A Kurdish refugee woman from the Syrian town of Kobani prepares tea in front of her family tent in a camp in the southeastern town of Suruc, Sanliurfa province, Oct. 22, 2014. Gokhan Sahin/Getty Images

The number of displaced people in the world has reached 60 million, according to a report in the Economist. The report comes as the bodies of 133 more migrants washed ashore Sunday in Libya, according to Reuters, after their smugglers’ boat capsized trying to reach Italy.

More than 1 million people sought asylum in Europe in 2015, and that crisis covered only a fraction of the tens of millions of people worldwide who have found themselves displaced by violent conflict. An escalating civil war in Syria, along with ongoing unrest in Iraq and Afghanistan as well as in areas of sub-Saharan Africa, has contributed to the spike of refugees worldwide.

The surge of asylum-seekers in Europe is the greatest wave of refugees to the continent since the end of World War II, when approximately 60 million people had been displaced from their homes. Under the 1951 U.N. Convention on Refugees, signees to the convention, including countries in Europe, are required to adjudicate the claims of all people who arrive on their shores and ask for asylum. If an asylum-seeker is found to be a refugee, defined as someone fleeing violent political persecution, the European country where they arrive must offer them asylum or else send them to a safe third country.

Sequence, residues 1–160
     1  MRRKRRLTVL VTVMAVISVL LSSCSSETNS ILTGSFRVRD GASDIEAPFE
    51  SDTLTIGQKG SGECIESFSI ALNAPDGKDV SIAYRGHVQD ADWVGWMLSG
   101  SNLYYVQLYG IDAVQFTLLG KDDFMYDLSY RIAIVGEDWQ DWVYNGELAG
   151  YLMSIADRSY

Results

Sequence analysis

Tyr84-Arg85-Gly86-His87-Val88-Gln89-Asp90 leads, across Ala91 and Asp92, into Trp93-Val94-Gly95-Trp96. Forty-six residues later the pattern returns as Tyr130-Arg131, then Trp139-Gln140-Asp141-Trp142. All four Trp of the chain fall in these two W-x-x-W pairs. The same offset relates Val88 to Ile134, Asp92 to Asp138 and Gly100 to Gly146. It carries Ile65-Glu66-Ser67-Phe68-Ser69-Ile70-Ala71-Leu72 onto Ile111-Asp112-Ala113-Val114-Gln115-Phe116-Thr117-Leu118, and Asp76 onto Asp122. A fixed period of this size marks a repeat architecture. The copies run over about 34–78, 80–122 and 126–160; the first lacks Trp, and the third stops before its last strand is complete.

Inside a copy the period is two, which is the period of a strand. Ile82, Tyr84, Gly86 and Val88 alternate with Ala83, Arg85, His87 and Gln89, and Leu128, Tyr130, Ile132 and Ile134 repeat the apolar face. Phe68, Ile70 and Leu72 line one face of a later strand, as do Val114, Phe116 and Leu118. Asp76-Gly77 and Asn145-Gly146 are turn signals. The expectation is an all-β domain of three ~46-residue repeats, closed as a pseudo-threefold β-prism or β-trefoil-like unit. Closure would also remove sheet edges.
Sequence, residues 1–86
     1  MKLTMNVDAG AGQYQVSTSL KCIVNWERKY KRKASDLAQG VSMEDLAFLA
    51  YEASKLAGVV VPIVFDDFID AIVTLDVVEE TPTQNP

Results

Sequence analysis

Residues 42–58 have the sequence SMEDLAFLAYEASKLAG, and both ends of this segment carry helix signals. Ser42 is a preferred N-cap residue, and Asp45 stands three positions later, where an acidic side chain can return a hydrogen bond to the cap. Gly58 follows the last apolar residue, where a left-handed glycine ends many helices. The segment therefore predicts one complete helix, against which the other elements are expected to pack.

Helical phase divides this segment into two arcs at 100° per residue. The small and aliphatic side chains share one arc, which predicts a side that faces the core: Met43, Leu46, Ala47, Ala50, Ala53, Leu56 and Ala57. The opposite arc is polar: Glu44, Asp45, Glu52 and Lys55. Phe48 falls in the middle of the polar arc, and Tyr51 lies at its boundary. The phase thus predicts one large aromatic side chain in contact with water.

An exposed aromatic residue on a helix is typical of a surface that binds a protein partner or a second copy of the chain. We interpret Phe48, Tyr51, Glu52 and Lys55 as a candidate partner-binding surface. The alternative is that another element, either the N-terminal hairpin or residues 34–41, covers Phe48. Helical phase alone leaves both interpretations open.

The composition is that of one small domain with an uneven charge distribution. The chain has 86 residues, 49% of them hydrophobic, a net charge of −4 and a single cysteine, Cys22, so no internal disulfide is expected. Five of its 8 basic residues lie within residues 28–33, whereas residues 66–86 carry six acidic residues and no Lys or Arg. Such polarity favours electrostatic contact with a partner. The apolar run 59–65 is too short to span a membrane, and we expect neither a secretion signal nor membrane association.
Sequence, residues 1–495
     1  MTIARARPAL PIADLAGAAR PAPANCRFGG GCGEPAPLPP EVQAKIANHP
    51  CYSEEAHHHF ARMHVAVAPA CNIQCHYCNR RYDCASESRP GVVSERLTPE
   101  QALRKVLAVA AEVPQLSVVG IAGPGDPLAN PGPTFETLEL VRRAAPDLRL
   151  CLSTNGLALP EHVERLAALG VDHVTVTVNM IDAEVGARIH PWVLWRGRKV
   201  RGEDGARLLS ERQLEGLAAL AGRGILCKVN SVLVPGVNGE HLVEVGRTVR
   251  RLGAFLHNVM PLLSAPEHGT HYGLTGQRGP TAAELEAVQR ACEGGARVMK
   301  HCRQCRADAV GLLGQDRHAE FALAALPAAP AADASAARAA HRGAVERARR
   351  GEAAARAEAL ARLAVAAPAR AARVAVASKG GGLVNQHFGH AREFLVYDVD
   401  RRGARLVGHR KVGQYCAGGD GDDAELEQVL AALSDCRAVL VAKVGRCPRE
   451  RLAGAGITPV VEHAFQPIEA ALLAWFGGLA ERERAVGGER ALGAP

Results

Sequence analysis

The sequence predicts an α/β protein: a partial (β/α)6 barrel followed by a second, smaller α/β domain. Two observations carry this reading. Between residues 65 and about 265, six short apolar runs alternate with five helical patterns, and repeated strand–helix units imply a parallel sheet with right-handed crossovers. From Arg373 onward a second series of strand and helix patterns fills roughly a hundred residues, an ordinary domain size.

Syrian refugees arrive at a camp for refugees and migrants in Friedland, Germany, April 4, 2016. Reuters/Kai Pfaffenbach

European authorities have struggled to cope with this influx in asylum-seekers in the past year, particularly as certain European conventions, most notably the Dublin regulation, make it such that countries where refugees arrive are responsible for the lion share of their care. This responsibility has fallen to Greece and Italy, which have long served as popular crossing points from the Middle East and North Africa, respectively.

Hundreds of thousands of people have attempted the journey to Europe either by crossing the Aegean Sea from Turkey or the Mediterranean from Libya. Despite crackdowns on smuggling and other attempts to seal Europe’s outer borders, economic migrants and asylum-seekers alike have not stopped attempting the dangerous journey. The people whose bodies washed up in Libya after attempting to make the journey were of some 2,000 people who have drowned trying to reach Italy in this year alone.